In design, the sum of the parts frequently distinguishes the whole. This is particularly true at the bucolic campus of the Monastery of the Holy Spirit in Atlanta’s bedroom community of Conyers. On this 2,400-acre site, tradition and modernity unite fluidly in both landscape and structure.
While researching Atlanta’s architecture for a recurring guest column, Atlanta’s Best Architecture written by Atlanta architects for the Atlanta Business Chronicle, most of the obvious architectural icons had already been addressed. Center for Civil and Human Rights? Taken. Ponce City Market? Covered. Cannon Chapel? January 2016 issue. I began to consider other options that were just as impactful, but not so widely recognized – designs that represented a more nuanced approach. You might say that the Monastery of the Holy Spirit is an introvert among extraverts in design approach. As with people, extroverts tend to take up most of the air time in the design world, but other less acclaimed projects are frequently well worth our attention.
After initially living in a barn, followed by a construction of a “pine board monastery,” the Trappist Monks themselves built the Abbey Church in 1959 over a 15-year period. Its elegant concrete structure was heralded by Georgia Contractor Magazine as “Georgia’s Most Remarkable Concrete Building,” and it is still a standout in concrete architectural expression, with its concrete arches that unpretentiously create a soaring structure and space. Upon entering, one is struck immediately by the ethereal quality of light and the brilliant simplicity of form that create this contemplative and inspirational space.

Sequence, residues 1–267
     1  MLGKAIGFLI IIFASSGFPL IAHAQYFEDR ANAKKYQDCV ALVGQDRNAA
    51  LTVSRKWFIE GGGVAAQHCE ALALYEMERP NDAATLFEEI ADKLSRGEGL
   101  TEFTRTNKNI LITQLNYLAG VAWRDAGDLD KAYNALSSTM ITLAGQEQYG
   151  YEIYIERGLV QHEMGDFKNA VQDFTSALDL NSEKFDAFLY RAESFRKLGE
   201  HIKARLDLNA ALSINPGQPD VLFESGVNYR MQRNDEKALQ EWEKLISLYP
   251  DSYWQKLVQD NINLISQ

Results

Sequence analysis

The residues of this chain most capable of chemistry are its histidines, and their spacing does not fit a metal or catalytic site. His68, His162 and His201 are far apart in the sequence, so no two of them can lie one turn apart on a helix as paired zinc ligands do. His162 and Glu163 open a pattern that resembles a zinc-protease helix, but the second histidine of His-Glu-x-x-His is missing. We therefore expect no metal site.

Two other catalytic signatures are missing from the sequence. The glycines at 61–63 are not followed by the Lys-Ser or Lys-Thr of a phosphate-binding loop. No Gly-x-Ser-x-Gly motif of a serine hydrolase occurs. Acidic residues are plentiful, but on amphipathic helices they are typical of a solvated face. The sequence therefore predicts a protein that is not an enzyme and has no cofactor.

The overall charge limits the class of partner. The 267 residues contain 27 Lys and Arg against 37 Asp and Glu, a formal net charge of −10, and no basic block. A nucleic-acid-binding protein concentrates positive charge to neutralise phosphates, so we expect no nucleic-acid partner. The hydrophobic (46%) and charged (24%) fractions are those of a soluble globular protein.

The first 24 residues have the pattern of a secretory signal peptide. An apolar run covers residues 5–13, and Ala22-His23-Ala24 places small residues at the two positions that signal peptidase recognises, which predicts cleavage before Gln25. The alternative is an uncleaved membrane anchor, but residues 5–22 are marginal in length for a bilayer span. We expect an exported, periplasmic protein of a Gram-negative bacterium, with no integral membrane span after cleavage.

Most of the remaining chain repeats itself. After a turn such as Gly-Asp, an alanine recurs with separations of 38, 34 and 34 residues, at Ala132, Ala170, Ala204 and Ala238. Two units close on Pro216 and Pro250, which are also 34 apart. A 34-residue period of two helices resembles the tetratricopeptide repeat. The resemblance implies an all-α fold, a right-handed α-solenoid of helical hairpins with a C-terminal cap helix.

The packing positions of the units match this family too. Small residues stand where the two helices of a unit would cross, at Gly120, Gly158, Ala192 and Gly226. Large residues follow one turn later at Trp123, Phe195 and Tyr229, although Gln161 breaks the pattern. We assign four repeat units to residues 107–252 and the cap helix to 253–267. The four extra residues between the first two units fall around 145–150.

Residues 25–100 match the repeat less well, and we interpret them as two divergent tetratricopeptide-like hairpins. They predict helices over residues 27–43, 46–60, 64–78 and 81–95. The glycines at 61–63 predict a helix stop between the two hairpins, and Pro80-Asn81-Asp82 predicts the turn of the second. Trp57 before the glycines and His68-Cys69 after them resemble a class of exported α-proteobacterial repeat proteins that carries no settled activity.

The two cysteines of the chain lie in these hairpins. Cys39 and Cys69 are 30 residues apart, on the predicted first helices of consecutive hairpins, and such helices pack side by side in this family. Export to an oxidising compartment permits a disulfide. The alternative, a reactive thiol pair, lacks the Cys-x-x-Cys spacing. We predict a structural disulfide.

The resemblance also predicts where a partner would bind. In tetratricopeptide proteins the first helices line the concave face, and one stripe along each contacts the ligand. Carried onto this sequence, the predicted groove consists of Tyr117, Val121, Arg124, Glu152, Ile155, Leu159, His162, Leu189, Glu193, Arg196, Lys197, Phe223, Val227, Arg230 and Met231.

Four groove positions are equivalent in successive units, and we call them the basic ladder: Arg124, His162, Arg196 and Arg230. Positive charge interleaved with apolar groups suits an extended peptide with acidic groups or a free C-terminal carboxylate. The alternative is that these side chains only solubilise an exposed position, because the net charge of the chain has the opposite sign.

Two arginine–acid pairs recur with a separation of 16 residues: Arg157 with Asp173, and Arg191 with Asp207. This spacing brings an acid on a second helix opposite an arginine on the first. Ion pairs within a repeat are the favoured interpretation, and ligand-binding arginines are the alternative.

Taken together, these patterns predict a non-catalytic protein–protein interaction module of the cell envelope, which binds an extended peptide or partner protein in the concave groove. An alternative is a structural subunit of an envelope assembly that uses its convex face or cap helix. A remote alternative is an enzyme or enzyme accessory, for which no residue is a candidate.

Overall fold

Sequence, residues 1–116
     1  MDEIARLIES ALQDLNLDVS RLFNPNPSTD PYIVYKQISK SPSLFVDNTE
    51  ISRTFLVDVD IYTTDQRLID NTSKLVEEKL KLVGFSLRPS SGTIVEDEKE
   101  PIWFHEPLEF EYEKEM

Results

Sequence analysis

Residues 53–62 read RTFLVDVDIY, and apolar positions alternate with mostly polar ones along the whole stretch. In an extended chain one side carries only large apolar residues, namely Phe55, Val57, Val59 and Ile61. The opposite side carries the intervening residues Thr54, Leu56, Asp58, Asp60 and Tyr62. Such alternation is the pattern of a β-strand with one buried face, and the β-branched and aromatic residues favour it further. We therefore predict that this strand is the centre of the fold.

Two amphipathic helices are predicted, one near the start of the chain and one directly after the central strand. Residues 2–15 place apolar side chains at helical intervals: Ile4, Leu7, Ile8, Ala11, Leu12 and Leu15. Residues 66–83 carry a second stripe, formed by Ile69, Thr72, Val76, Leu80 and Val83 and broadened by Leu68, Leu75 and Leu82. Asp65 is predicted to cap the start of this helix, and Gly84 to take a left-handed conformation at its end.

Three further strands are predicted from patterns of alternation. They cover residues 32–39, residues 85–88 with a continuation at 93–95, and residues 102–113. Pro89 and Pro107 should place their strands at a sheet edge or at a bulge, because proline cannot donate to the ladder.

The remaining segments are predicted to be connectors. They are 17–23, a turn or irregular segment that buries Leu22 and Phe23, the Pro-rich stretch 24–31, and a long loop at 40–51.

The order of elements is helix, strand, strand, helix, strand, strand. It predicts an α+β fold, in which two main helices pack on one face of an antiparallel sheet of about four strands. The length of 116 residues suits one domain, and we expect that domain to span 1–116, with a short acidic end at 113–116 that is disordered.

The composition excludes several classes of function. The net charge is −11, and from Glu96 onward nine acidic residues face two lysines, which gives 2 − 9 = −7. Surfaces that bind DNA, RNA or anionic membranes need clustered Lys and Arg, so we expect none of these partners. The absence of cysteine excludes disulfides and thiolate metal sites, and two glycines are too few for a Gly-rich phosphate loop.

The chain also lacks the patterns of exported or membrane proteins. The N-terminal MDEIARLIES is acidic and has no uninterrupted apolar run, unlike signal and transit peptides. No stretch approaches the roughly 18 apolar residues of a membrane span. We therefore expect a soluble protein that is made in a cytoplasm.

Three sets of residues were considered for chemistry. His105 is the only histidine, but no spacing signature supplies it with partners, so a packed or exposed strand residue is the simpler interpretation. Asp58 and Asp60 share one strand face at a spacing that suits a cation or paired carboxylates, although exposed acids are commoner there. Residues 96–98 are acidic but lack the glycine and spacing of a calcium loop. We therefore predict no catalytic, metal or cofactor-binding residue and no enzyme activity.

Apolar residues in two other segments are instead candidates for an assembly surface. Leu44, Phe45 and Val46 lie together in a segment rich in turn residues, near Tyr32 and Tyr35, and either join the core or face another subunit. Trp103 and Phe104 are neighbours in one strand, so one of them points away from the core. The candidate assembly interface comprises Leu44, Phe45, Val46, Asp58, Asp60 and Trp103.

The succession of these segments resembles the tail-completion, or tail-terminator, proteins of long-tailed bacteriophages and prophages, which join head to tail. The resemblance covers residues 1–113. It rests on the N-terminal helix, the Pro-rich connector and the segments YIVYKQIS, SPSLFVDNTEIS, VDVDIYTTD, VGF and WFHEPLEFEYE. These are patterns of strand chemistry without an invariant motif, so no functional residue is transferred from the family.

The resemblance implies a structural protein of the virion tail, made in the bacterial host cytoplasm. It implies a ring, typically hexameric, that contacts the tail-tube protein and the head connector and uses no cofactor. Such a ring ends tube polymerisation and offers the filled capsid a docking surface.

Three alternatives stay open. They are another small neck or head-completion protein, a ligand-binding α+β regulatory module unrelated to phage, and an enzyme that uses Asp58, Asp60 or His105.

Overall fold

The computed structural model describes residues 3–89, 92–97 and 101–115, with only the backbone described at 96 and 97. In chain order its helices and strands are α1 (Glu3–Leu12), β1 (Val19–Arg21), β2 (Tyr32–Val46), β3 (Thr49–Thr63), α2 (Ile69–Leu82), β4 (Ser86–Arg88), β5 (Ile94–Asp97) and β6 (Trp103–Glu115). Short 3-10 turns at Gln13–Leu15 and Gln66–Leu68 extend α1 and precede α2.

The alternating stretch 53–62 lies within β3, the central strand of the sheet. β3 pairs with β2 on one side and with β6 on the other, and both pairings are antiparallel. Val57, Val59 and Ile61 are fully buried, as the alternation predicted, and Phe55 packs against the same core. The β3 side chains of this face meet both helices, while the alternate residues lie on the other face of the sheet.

The monks were responsible for this introspective approach after rejecting the original architect’s design as insensitive to the nature of their community. Instead, they insisted that a lack of excessive ornamentation coupled with clean lines were a better expression of monastic life. This belief that the built environment should embody the vision and ideals of the client through expressive design is one of the hallmarks of great architecture.
The more recent modifications to the site and the addition of a new Monastic Heritage Center continue to exemplify this belief that design should reflect the spirit of the physical place and the inhabitants. Completed in 2008 by Jones Pierce Architects, the new design relies on great site planning, careful composition and a variety of framed views that speak to the monk’s approach to living life simply.
The main entry to the campus immediately provides a sense of place by echoing the monk’s original cloister design with its own modern interpretation. Anchored on one end by an iconic and historic barn creatively repurposed as a museum, the design allows for a powerful expression of the barn’s agrarian nature. The nearby new gift shop and café are a quiet composition in concrete, wood and glass where attention to detail is evident, such as in the small yet graceful courtyard that adjoins the café.
In 2013, Atlanta’s PATH Foundation completed a paved trail to the monastery grounds, which provides a different yet equally memorable entrance to the property as the main courtyard entry. This winding entry that descends from a distance into the campus unintentionally reiterates the unfolding quality of space that is such a trademark of this design. For my part, I see this unfolding quality as a further symbolic representation of the Trappist monks’ understanding of their evolving faith and reverence for simplicity, including that of the natural world.
The intrinsic beauty of spiritual life coupled with the dignity of a life well, but plainly lived, is exemplified throughout this campus collective, which forms a still and serene retreat from our busy and contemporary lives. I recommend a visit when you can take time to sit, look and just be present.